Transcript – George Galloway’s September 19, 2005 speech in Chicago

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George Galloway, Member of the British Parliament, spoke on September 19, 2005 at Thorne Auditorium at Northwestern University Law School, Chicago, IL as part of a national tour sponsored by The New Press, The Center for Economic Research and Social Change, International Socialist Review, and the National Council of Arab Americans. Loretta Capeheart, Ph.D., introduced the speakers and served as moderator. Preceding Mr. Galloway were Bill Davis, Vietnam Veterans Against the War; Ahmed Shawki, Editor of International Socialist Review and a board member of the National Council of Arab Americans; and Sabah Khan, a student and member of the Campus Antiwar Network (CAN) chapter at University of Illinois at Chicago. CAN collected donations for hurricane relief that a group of students took to the Gulf States.

[To ensure accuracy, any quotes from the transcript text must be compared with the audio of his speech. Please see Traprock’s webpage on the Chicago talk to download the audio programs of the speech, the question and answer session, and the introductory remarks by the above named speakers.]

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Thank you very much. Chair, brothers and sisters, thank you very much for that wonderful welcome and the introductory speakers who set the scene for this meeting so very ably. I want to start off this evening by telling you what I’m not here to do before telling you what I am.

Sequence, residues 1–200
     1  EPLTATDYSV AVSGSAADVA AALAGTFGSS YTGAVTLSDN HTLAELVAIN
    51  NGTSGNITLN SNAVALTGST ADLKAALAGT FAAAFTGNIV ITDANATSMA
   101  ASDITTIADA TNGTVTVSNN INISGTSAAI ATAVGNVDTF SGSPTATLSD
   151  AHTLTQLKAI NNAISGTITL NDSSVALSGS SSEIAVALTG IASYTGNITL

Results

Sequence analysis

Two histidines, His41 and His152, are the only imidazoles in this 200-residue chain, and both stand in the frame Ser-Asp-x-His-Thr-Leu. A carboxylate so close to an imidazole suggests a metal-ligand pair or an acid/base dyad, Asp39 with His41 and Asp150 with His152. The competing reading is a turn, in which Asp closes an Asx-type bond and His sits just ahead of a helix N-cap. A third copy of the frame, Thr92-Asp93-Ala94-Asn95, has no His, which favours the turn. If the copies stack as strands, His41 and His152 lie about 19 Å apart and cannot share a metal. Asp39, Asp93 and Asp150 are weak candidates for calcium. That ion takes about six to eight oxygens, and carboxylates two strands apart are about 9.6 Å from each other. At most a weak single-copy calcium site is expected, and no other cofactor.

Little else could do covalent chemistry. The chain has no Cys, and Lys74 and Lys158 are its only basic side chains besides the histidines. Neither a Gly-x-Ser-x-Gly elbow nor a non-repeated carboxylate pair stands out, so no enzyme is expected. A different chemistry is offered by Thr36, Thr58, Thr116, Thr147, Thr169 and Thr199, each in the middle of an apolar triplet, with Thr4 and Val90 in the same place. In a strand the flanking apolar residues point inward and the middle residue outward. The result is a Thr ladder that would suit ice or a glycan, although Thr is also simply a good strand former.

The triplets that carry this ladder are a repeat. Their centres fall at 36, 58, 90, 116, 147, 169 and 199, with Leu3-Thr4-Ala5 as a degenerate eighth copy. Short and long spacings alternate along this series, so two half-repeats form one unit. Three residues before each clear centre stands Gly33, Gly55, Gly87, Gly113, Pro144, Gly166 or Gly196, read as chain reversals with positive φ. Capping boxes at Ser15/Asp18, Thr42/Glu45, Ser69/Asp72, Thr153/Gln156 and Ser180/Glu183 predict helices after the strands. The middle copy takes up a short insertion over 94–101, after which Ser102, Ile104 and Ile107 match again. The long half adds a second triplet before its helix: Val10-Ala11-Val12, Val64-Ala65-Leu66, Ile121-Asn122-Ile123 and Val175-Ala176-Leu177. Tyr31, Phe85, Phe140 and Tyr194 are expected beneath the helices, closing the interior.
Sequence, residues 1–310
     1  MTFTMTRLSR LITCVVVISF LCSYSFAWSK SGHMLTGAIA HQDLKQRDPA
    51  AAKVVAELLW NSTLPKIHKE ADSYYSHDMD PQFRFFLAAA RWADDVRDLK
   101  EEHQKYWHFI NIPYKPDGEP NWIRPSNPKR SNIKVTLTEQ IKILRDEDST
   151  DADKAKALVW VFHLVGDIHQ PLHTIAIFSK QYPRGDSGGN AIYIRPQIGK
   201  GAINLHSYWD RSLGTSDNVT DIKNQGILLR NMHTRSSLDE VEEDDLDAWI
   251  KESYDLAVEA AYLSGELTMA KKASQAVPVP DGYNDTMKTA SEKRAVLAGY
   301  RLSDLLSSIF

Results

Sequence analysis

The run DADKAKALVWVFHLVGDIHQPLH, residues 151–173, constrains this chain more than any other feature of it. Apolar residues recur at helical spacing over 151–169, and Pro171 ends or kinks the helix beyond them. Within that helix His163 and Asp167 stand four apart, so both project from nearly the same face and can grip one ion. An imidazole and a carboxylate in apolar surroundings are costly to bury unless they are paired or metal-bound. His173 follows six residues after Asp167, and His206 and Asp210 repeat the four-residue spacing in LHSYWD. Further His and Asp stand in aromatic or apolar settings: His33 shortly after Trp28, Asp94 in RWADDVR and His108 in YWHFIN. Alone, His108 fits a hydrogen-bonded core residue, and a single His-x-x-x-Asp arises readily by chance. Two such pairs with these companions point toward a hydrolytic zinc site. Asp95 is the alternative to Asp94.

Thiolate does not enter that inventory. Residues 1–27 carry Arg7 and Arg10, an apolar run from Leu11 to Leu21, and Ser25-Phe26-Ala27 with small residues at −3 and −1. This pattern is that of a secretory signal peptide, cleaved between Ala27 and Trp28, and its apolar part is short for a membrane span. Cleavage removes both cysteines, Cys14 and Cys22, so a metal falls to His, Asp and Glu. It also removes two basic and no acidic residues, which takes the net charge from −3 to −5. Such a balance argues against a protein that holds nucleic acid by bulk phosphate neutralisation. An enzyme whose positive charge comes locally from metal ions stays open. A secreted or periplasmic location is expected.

I’m not here, and I make this point, especially as my name is George *laughter*, I’m not here to re-colonize you. *laughter and applause* I’m not here to tell you Britain knows best, though, of course, we were an imperial power for rather longer *laughter* than you have yet been, and, I hope, longer than you will be. I come from a long line of anti-imperialist parents and grandparents. I am of Irish background, and we’ve always hated the British Empire, always. *laughter and applause* In fact, I remember very well coming home from school once and telling my Irish grandfather that the teacher had said that British had an empire so vast that, upon it, the sun never set, and my grandfather answered, “that’s because God would never trust the English in the dark.” *laughter and applause* I’ve never had cause to doubt him about that. He did say “English.” He was very clear about English, not Scottish or Welsh. And the second thing I’m not here to do is evince some of my critics. I’ve just been on Fox TV with Bill O’Reilly. *laughter* Unfortunately, I wasn’t live because I had a few things up my sleeve about Bill O’Reilly. *laughter* But I’d better not go to that bathroom humor in a mixed audience. But for Bill O’Reilly and people like him, somebody like me is driven by what they call (well, he doesn’t call because he doesn’t use big words) visceral anti-Americanism. Well, I’m here to tell you that I am probably the only man who can say that he is the great grandson of almost certainly the only woman in the entire 19th century who emigrated from America to Scotland *laughter* at a time when thousands were sailing in the opposite direction. I think she got on the wrong boat, as a matter of fact, but, if she hadn’t, I wouldn’t be here, so there is nothing anti-American about me or anything I have to say this evening. Neither are we against the troops. I saw somebody with a t-shirt last night outside the meeting, 25 of them in a mass demonstration of neo-cons outside the University of Wisconsin. She was wearing a t-shirt, “we love the troops.” Well, we love the troops. That’s why we don’t want any more of them to be killed or to kill other people on a pack of lies from George W. Bush. *applause* After all, who are the troops? The troops are, in your country and mine, conscripted by unemployment, low wages, poor prospects, racism, recruiting sergeants in the high schools and in the car parks of the shopping malls, mopping up on the dissatisfaction with the lives which so many people in industrial and post-industrial Britain and America suffer. How could we want those troops to be harmed? They are our children, our brothers and sisters, our neighbors, our school friends, and, as I hear the Vietnam veterans say, “isn’t it always the way that those sent in to fight in these wars are not the sons or daughters of those who have most to gain from those wars?” Somebody once said war is a thing where there’s a worker on both ends of a gun. That’s why we say we love the troops so much. We’re demanding their immediate withdrawal from harm’s way in Iraq, in Afghanistan, and wherever else Bush and Blair have sent them. *applause*